But such a convenient transition is far from certain, even though Sopel is the bookmaker’s favorite to be the next BBC political editor. “He doesn’t come back specifically to do it,” explains a close colleague. “If they offered it to him, would he do it on an interim basis?” He probably would.
But for all the accomplished eminence of the broadcast journalist, “some editors believe he never left Washington. [and] made a concerted effort to stay right outside the White House, ”an insider said. Notably, it was ITV’s Robert Moore who beat all of his rivals to be inside the crowd that stormed Capitol Hill in January.
The impression that BBC News was caught off guard was underscored in August when it tarnished the excellent coverage of Afghanistan by not having a senior correspondent in Kabul when it fell to the Taliban. “We didn’t have our eye on the ball,” a source said. “The BBC spends its time dealing with very painful restructurings and that’s not what makes a good newsroom.”
Sopel’s likely successor in America is Sarah Smith, a successful Scottish editor-in-chief and daughter of former Labor leader John Smith. But securing the right replacement for Kuenssberg is key to boosting public confidence as the BBC negotiates its future with the hostile Dorries.
Kuenssberg, 45, is a whirlwind of reporting on TV, radio, podcasts and Twitter, where she pioneered more immediate political journalism for her 1.3 million followers. She is admired by her peers in the news industry, who named her Journalist of the Year in 2016, and popular within the BBC. “You never hear things about her that you hear about other people; who are difficult to work with, ”says Danny Shaw, former BBC home affairs correspondent.
The work of “Pol Ed” “became highly politicized” during Kuenssberg’s tenure, said Richard Sambrook, former BBC news director. “No one made such a big fuss when Nick Robinson or Andrew Marr decided to move on, but all of a sudden Laura became the story, which in my opinion is not helpful.” He says she did the job “extremely well under tremendous pressure”. Kuenssberg’s potential replacements include his deputy Vicki Young, Sky’s Beth Rigby, ITV’s Anushka Asthana and Rajan, the BBC’s media editor.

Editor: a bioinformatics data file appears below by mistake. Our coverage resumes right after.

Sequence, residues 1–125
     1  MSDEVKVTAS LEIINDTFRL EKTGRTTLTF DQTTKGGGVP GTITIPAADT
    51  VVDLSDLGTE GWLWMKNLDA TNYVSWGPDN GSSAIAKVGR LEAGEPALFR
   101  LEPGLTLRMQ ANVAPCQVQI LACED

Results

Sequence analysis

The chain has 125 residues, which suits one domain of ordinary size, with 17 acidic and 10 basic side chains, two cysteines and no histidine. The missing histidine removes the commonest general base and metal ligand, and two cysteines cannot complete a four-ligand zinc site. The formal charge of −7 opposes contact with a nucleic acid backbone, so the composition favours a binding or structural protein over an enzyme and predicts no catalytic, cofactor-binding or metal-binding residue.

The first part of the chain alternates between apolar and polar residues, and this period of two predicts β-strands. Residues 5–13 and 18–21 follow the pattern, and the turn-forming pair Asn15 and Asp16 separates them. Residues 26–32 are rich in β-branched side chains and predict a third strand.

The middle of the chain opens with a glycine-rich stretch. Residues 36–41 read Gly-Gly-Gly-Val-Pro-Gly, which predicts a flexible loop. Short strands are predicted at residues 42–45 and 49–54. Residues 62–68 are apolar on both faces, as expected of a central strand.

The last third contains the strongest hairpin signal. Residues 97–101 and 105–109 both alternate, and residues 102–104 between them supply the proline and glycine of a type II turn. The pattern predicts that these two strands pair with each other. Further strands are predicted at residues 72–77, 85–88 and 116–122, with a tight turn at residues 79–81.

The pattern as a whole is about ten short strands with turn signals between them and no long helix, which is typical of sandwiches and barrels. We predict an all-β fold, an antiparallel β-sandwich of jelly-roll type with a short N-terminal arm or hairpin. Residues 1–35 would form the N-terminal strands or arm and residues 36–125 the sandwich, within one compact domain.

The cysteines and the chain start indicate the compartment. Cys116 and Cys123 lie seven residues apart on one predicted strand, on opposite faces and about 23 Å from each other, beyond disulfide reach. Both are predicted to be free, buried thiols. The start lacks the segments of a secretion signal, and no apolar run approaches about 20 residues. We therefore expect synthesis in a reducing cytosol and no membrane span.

Former BBC presenter Mark Mardell believes diversity will be a factor. “It’s like the next Doctor Who, if you give it to a middle-aged white man, you state that you had a female political writer and that’s it, the diversity is done and dusted off.” It’s not.”
Meanwhile, BBC core staff continue to complain. Davie’s salary increase came down “like an absolute balloon,” according to Pierre Vicary, president of the National Union of Journalists. Nonetheless, the GM can be reassured that Edwards wants to stay at the BBC. In an emailed statement to The Standard, he said: “I have never seriously thought about any BBC movement where I have spent my entire career. I am very happy to present the Ten, the latest news, elections, official and ceremonial events, and I hope to continue in this role for as long as necessary.
Davie has made impartiality his watchword and this will be the key to his future appointments. “He loves those who enthusiastically approve of his drive for impartiality… he has made it a totemic thing,” said one insider.
While some fear that too much emphasis on neutrality will neutralize BBC production, the CEO insists his priority is making the BBC relevant to every household in the UK. The danger is that without strong on-air characters and distinctive programs, it will become so bland that audiences and talent will look elsewhere.